The Risks Digest

The RISKS Digest

Forum on Risks to the Public in Computers and Related Systems

ACM Committee on Computers and Public Policy, Peter G. Neumann, moderator

Volume 28 Issue 69

Monday 15 June 2015


Chris Roberts and Avionics Security
Bruce Schneier
Deja Vu All Over Again: The_Attack on Encryption
Gene Spafford
Why the OPM Breach is such a Security and Privacy Debacle
Just Say "NON!" - France Demands Right of Global Google Censorship
Lauren Weinstein
US Navy wants 0Day Vulnerabilities
Henry Baker
White House Weighs Sanctions After Second Breach of a Computer System
Shear and Shane
Chinese Hackers Circumvent Popular Web Privacy Tools
Nicole Perlroth via Monty Solomon
If Google was really serious about Google Earth Pro now being free
Dan Jacobson
The Logjam Vulnerability against Diffie-Hellman Key Exchange
Bruce Schneier
Re: Man dies in Corvette after battery cable becomes loose
Kurt Seifried
Re: Japanese pension organization phished, 1.25M people's data leaked
Alister Wm Macintyre
Info on RISKS (comp.risks)

Chris Roberts and Avionics Security

Bruce Schneier <>
Mon, 15 Jun 2015 03:29:18 -0500
CRYPTO-GRAM, 15 June 2015

Last month, I blogged about security researcher Chris Roberts being detained
by the FBI after tweeting about avionics security while on a United flight:

  But to me, the fascinating part of this story is that a computer was
  monitoring the Twitter feed and understood the obscure references, alerted
  a person who figured out who wrote them, researched what flight he was on,
  and sent an FBI team to the Syracuse airport within a couple of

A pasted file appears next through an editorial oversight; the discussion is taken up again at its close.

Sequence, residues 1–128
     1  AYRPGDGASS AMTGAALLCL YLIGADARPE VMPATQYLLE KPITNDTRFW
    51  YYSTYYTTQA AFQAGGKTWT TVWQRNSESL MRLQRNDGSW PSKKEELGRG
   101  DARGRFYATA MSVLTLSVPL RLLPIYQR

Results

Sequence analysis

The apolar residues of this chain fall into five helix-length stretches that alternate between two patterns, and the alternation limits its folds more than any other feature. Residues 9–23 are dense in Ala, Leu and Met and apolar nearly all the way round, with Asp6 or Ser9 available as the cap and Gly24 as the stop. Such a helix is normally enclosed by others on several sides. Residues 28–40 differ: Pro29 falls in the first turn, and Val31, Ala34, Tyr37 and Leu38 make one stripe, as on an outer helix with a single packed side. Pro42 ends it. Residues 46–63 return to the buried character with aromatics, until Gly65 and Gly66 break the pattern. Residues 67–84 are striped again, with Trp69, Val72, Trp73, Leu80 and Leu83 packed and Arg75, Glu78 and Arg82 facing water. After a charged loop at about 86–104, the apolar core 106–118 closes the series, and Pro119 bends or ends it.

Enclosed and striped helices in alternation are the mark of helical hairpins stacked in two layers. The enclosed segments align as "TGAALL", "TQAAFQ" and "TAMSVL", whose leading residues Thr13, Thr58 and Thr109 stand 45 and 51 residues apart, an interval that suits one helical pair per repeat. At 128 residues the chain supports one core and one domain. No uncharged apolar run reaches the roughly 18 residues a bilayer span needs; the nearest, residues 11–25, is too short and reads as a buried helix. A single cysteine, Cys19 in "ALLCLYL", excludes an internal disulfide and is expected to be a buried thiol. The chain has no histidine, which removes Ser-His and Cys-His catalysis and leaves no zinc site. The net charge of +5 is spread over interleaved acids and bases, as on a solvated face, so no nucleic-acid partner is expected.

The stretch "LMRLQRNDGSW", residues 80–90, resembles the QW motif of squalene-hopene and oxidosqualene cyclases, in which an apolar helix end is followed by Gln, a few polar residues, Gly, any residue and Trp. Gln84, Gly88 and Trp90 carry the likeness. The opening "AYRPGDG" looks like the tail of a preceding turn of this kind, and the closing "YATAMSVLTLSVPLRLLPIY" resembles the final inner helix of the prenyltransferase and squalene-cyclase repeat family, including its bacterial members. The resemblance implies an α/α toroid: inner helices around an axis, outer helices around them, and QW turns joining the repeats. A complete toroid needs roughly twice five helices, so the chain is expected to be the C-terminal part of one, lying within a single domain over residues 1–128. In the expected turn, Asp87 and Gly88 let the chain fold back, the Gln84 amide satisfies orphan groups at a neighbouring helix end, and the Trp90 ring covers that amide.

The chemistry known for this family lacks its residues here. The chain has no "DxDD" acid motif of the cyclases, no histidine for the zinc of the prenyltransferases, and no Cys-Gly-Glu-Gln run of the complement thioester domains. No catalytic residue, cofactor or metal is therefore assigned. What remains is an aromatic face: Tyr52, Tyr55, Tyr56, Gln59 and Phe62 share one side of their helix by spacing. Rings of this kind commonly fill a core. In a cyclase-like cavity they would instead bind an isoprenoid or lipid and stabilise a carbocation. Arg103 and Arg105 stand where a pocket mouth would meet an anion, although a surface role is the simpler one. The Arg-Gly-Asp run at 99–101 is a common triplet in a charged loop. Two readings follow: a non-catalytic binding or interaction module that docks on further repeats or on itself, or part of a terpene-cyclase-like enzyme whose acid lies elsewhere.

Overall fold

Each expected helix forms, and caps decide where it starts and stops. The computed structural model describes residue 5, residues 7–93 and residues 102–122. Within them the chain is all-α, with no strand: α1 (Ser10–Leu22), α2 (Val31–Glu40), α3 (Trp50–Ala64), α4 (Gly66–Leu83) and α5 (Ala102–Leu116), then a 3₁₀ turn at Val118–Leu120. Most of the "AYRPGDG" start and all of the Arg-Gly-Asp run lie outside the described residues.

hours. There's some serious surveillance going on.

We know a lot more of the back story from the FBI's warrant application.  He
had been interviewed by the FBI multiple times previously, and was able to
take control of at least some of the planes' controls during flight.

  During two interviews with F.B.I. agents in February and March of this
  year, Roberts said he hacked the in-flight entertainment systems of Boeing
  and Airbus aircraft, during flights, about 15 to 20 times between 2011 and
  2014. In one instance, Roberts told the federal agents he hacked into an
  airplane's thrust management computer and momentarily took control of an
  engine, according to an affidavit attached to the application for a search

  "He stated that he successfully commanded the system he had accessed to
  issue the 'CLB' or climb command. He stated that he thereby caused one of
  the airplane engines to climb resulting in a lateral or sideways movement
  of the plane during one of these flights," said the affidavit, signed by
  F.B.I. agent Mike Hurley.

  Roberts also told the agents he hacked into airplane networks and was able
  "to monitor traffic from the cockpit system."

  According to the search warrant application, Roberts said he hacked into